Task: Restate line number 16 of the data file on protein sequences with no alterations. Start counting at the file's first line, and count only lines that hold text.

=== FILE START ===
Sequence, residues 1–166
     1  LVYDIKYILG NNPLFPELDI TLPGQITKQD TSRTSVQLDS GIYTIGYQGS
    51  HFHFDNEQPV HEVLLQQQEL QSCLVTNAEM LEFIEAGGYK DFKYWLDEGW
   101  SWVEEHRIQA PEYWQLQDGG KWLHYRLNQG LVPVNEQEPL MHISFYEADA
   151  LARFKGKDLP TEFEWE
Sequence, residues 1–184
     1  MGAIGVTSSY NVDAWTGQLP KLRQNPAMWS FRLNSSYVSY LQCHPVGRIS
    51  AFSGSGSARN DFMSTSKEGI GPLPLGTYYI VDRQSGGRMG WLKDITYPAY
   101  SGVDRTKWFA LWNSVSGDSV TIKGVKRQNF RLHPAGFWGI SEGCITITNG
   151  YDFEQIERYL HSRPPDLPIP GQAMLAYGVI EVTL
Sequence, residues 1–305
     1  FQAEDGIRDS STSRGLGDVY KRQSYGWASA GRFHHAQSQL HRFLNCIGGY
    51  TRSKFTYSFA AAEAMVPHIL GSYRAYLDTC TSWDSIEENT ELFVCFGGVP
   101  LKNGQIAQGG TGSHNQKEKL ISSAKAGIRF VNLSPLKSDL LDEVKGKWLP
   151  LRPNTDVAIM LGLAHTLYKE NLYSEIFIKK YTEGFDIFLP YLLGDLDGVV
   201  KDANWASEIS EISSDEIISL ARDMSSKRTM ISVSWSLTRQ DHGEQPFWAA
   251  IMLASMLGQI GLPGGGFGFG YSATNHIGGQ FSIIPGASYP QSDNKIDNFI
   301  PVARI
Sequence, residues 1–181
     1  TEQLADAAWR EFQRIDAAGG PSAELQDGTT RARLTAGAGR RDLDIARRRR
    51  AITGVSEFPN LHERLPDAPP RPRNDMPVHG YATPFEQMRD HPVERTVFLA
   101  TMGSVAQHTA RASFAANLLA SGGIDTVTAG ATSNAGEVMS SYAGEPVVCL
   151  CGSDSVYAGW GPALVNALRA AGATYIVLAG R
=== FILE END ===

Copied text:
   201  KDANWASEIS EISSDEIISL ARDMSSKRTM ISVSWSLTRQ DHGEQPFWAA